A Brief History
On April 18, 1857, Frenchman Hippolyte Leon Denizard Rivail, writing under the nom de plume Allan Kardec, published The Spirits Book, marking the beginning of the Spiritism philosophy (or religion or movement, if you prefer). Today, the International Spiritist Council has representatives in 35 countries with its headquarters in Brasilia, Brazil.
The publishing of The Spirits Book is celebrated by Spiritists, and today, April 18, 2017, is National Day of Spiritism in the United States. The total number of adherents is unknown, but said to be in the millions, with 5 million followers in Brazil alone. Around 4 million followers of Spiritism are in Vietnam under the name Caodaists. The various organizations or “federations” are only loosely affiliated, and some, notably in Brazil, combine African influences, with varying degrees of religiosity versus science. Most Spiritists do not see Spiritism as religion, but as a way of life and philosophy.
Kardec (the name taken from a Celtic poet) wrote 5 books that form the basis of Spiritism, inspiration for which he received from “superior spirits,” including one named Truth. The Spirits Book was published in the form of 502 questions and answers Kardec had asked of mediums and spiritualists, and presumably the superior spirits he communicated with. Later versions were expanded to 1019 questions and answers. Kardec wrote a total of 5 books that comprise the Spiritist Codification which is the basis for Spiritism. Other authors contributed to Spiritist literature, including Arthur Conan Doyle of Sherlock Holmes fame. Kardec also relied on “talking boards” (aka, Ouija board, spirit board, etc.), Mesmerism, and seances for his information/inspiration.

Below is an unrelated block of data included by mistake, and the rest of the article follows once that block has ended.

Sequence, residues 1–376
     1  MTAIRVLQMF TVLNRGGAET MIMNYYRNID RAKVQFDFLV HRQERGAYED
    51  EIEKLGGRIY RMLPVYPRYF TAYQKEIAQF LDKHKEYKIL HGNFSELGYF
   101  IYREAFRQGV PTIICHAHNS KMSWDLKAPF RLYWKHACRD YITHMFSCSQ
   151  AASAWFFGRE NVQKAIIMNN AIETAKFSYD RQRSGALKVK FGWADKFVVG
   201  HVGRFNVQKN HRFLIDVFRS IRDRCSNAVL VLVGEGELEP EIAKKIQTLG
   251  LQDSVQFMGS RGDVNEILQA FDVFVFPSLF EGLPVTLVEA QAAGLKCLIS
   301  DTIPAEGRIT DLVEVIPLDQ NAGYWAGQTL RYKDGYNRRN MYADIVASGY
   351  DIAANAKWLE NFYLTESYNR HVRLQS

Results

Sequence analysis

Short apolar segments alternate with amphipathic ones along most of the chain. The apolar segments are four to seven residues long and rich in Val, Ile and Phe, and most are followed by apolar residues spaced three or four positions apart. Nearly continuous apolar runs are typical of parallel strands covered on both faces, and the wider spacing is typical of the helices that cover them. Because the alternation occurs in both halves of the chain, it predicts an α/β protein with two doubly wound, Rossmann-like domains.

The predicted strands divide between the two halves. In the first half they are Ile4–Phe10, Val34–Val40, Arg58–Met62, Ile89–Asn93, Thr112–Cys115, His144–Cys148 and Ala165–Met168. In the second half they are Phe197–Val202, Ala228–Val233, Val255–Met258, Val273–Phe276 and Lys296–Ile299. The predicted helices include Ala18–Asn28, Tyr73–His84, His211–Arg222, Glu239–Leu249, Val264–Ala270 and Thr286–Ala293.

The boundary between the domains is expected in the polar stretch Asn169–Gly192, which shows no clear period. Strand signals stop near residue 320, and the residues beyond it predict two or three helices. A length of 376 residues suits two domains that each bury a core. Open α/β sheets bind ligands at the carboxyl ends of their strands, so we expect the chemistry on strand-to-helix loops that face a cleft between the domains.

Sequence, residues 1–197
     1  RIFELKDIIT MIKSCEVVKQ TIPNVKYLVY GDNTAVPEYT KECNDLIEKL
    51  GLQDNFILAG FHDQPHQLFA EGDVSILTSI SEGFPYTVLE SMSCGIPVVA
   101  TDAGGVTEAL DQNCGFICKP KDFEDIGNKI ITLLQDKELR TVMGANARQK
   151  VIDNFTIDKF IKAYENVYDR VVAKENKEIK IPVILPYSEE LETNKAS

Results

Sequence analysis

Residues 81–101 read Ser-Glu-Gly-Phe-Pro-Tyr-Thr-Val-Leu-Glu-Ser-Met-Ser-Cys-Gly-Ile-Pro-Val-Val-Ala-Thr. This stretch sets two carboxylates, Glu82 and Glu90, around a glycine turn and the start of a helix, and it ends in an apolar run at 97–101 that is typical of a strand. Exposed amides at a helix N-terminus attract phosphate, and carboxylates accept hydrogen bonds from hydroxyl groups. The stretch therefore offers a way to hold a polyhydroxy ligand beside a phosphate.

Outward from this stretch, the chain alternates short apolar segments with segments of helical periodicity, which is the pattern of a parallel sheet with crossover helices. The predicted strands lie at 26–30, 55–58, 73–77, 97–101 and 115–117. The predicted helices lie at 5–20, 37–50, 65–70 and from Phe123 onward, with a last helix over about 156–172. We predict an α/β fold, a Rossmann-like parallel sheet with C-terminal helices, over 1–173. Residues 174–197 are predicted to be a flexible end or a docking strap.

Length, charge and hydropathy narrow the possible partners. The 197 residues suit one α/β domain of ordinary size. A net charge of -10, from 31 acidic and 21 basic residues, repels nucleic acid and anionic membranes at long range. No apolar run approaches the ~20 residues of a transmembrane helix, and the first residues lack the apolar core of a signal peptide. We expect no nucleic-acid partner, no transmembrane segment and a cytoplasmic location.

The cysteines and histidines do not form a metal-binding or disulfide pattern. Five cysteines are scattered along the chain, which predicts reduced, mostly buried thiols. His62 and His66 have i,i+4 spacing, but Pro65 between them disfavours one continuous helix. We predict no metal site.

Kardec was brought up Roman Catholic and was highly educated, getting degrees in Science and a Doctorate in Medicine. He was a member of numerous scientific and professional societies and did not seriously explore Spiritism until he was in his 50’s.
Obviously, Spiritists believe in spirits! No angels, no demons, just spirits. These spirits can be beneficial or malevolent, and are immortal. People are reincarnated over and over, although animals are not. Spirits can be contacted through passive or active mediums and seances. Humans are immortal spirits that are a combination of spirit and body. There is one all-powerful God, and spirits are created simple and ignorant, gaining perfection through reincarnation over and over. Spirits can communicate with living people, and even physically interfere with or affect the physical world and people. Spiritists also believe other planets are populated by people.
Spiritists acknowledge Jesus Christ as an incarnation of perfection as an example to humans, an ideal to be emulated. Rather than miraculous, Jesus’ life and deeds are seen as “spiritual phenomena” and the Gospels are studied, though with interpretations that may vary from mainstream Christian faiths.
Although this discussion of Spiritism is extremely shallow, perhaps you have enough information to have already understood that many Christian and other religious sects criticize the Spiritist movement and urge their adherents to disregard Spiritist teachings. The Catholic Church is particularly opposed to Spiritism, and many scientists have labeled Spiritism with its purported “scientific” explanation of things as a fraud, or a “pseudoscience.”
Question for students (and subscribers): What do you think of Spiritism? (I would encourage you to read up on the subject rather than relying on this short article.) Do you dismiss it out of hand, or do you think it is worth investigating? Please share your thoughts on the subject in the comments section below this article.
Your readership is much appreciated!
For more information, please see…
Kardec, Allan. The Spirits’ Book. Conselho Espirita Internacional, 2008.